What advice would you give to someone (man or woman) looking to start a career in the aquaculture sector, or progress their existing career?

I really worry that the constant, ill-informed negativity about salmon farming, particularly in social media, might discourage young, talented people from entering the industry. It’s one of the reasons I take every chance to speak to vet students and others about my experience of the realities of aquaculture and what we are actually doing. 

My message is that they shouldn’t believe everything they read or hear but that they should become informed about the genuine challenges that exist, then come and help us meet those challenges.  There are so many really rewarding jobs in our industry and still as many opportunities to truly make a positive difference as there were when I got involved over thirty years ago.

My advice?  Get involved and seize the opportunities that are there for you.

What do you think will be the key drivers/areas for innovation for Scottish aquaculture in the next decade?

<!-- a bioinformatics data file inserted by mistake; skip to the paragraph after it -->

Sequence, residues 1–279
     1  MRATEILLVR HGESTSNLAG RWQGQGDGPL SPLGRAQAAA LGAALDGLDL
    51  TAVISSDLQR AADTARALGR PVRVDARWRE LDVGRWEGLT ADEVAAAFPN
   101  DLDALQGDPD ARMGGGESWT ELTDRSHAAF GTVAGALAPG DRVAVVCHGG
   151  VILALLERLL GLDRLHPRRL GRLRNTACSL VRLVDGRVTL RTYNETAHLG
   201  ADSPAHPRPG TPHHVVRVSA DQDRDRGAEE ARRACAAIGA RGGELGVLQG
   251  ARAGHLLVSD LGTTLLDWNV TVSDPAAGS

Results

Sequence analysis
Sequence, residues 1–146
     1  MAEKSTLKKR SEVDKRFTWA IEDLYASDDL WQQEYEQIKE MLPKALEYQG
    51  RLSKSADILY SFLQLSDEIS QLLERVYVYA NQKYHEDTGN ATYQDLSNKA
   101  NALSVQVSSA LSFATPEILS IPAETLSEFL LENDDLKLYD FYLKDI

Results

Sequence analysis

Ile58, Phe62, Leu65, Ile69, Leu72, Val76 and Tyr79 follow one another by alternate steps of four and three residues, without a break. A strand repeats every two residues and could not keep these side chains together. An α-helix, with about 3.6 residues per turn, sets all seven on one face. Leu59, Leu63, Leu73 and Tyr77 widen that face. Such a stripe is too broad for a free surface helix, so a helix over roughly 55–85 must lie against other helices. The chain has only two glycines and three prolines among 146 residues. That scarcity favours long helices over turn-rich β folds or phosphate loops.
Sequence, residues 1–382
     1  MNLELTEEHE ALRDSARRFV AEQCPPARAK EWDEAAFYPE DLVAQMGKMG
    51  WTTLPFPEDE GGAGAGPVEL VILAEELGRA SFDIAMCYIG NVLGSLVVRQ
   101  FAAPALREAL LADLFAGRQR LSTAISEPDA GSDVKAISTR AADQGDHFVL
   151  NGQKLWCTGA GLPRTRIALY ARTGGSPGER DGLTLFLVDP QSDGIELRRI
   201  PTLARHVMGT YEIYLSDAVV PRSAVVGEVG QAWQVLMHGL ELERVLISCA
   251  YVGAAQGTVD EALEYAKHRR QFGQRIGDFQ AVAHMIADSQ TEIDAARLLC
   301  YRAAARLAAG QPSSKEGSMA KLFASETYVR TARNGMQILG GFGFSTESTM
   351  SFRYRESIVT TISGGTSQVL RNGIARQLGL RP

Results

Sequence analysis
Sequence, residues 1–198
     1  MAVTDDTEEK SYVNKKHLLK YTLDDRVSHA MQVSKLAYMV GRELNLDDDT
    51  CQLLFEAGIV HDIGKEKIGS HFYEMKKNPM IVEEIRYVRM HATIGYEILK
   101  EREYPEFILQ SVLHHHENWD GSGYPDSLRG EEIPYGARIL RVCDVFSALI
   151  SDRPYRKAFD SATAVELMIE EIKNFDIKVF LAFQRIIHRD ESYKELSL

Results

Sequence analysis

There’s a very welcome increasing focus on fish welfare.  The old adage “look after the fish and the fish will look after you” underpins everything we do. I hope and believe that we will see improvements in production come on the back of innovative approaches to the health and welfare of our fish, each and every one of which deserves to have a life worth living and a good death at the end of it.  In a changing environment, that isn’t necessarily easy but it is essential. I believe that both the will and the talent exists to make it happen. 

Innovation doesn’t have to mean high-tech: the new generation of site staff and managers, many of whom are women, are finding practical new ways to truly care for their fish and, with an equal focus on sustainability, for the environment in which they farm. That is what is going to make the real difference as we grow and develop Scotland’s aquaculture.